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Sampling Bias

Also known as selection bias, an error in choosing participants for a scientific study such that the results are distorted.

Example: A famous example is a political telephone survey conducted during the Truman-Dewey presidential race. Survey results indicated that Dewey would win by a landslide, failing to account for the fact that telephones were expensive at the time and only owned by a small, wealthy fraction of the population — people who tended to support Dewey more than the average voter.

Some people who conduct studies might decide to make the research more convenient for them by staying within their neighborhood. Their neighborhood could be the poorest section of town or richest…either way, there is bound to be a bias. Generally speaking, people tend to spend time with those who are like-minded, so it is important that the researcher make a very strong effort to leave their comfort zone and get a more authentic reading.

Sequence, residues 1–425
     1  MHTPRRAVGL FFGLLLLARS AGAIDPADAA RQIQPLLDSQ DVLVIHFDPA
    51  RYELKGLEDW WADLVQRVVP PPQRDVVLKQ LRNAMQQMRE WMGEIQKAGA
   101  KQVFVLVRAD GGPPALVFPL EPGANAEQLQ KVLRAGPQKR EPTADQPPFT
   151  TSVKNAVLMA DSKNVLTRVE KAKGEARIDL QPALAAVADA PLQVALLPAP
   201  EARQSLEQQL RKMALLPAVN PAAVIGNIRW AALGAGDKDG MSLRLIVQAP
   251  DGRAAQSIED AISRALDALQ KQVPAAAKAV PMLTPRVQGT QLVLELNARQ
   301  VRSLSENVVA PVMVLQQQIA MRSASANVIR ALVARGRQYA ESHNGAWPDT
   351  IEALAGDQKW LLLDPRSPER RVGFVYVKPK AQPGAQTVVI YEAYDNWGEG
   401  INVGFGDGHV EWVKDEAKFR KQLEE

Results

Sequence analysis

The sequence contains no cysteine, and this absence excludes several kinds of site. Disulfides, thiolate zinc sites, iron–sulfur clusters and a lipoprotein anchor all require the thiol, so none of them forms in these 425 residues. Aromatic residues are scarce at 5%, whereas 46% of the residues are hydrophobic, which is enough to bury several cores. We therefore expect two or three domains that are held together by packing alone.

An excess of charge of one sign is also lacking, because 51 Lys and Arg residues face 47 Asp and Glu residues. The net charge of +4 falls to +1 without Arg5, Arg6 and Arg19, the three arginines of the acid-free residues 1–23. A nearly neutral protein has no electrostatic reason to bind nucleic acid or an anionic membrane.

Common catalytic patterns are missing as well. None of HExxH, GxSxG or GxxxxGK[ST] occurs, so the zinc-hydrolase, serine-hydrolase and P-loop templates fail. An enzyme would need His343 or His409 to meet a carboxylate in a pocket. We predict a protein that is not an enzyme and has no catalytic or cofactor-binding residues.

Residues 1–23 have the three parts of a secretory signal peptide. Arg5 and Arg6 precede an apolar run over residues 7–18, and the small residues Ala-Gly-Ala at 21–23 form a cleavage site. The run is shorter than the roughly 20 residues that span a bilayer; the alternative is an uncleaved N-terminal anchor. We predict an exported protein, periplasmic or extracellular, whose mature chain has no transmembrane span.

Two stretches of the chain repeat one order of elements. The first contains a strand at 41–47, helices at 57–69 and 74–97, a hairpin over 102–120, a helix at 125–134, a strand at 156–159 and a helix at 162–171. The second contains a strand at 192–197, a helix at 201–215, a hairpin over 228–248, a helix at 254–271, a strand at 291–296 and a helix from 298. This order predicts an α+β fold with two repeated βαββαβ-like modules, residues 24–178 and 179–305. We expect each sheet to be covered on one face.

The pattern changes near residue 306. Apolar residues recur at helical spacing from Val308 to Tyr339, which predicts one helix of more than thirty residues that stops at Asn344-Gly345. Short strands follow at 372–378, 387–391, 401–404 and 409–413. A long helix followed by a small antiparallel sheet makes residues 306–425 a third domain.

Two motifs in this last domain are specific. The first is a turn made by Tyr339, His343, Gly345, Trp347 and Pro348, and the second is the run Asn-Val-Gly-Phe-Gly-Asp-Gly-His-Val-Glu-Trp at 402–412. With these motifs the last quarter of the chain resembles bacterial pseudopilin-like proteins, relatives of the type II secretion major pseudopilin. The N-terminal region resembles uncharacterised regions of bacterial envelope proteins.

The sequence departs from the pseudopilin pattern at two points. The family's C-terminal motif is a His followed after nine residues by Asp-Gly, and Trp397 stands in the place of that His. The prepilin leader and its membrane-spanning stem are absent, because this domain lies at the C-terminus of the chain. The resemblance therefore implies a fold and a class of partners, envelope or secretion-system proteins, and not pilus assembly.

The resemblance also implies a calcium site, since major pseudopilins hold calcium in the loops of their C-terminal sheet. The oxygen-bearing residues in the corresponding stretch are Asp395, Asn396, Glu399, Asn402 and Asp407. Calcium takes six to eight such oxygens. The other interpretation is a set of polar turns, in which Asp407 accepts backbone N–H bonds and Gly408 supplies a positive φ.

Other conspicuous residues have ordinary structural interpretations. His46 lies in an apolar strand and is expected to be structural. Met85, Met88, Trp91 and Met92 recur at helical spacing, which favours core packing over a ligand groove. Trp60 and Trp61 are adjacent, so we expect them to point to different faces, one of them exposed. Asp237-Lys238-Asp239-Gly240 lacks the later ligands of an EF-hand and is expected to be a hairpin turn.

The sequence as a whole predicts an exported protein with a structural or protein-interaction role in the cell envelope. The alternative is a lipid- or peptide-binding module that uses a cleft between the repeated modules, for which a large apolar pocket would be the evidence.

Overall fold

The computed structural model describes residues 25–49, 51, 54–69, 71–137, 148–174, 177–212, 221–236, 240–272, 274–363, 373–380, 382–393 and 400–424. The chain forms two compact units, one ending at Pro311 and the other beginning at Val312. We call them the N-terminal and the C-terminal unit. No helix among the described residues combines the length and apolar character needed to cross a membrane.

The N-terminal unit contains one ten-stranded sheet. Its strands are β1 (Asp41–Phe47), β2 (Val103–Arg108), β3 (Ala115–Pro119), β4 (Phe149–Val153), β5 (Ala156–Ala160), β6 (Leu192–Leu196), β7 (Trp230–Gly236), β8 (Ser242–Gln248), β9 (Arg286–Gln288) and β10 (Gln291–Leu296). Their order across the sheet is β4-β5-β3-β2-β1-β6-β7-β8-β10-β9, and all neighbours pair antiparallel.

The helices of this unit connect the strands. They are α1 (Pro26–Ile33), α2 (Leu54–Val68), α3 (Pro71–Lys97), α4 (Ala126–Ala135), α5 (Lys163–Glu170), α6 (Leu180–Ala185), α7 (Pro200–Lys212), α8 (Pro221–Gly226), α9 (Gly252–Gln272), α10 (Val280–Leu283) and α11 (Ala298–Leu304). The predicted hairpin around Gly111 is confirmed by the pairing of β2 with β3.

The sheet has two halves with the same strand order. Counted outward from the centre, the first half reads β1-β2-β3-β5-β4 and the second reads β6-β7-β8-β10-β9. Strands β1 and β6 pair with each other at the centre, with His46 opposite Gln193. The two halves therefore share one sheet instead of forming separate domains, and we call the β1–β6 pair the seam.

Sampling Bias
APA Reference
Fournier, G. (2018). Sampling Bias. Psych Central. Retrieved on July 13, 2018, from https://psychcentral.com/encyclopedia/sampling-bias/